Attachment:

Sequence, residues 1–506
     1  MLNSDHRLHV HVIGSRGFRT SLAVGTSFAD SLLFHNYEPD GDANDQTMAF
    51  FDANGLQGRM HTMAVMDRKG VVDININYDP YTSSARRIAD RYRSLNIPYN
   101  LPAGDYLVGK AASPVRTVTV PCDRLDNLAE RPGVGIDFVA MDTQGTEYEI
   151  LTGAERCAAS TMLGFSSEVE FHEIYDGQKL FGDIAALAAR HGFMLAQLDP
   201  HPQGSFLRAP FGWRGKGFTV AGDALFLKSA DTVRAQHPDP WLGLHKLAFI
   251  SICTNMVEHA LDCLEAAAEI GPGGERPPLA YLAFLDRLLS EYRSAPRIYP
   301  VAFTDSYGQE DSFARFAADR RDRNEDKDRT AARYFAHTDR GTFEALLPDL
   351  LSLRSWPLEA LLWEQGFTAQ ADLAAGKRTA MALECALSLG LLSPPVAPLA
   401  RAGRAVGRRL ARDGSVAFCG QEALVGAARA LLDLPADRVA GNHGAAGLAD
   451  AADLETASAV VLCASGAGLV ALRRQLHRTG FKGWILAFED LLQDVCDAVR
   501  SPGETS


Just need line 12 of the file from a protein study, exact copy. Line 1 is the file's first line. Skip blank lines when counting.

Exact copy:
   501  SPGETS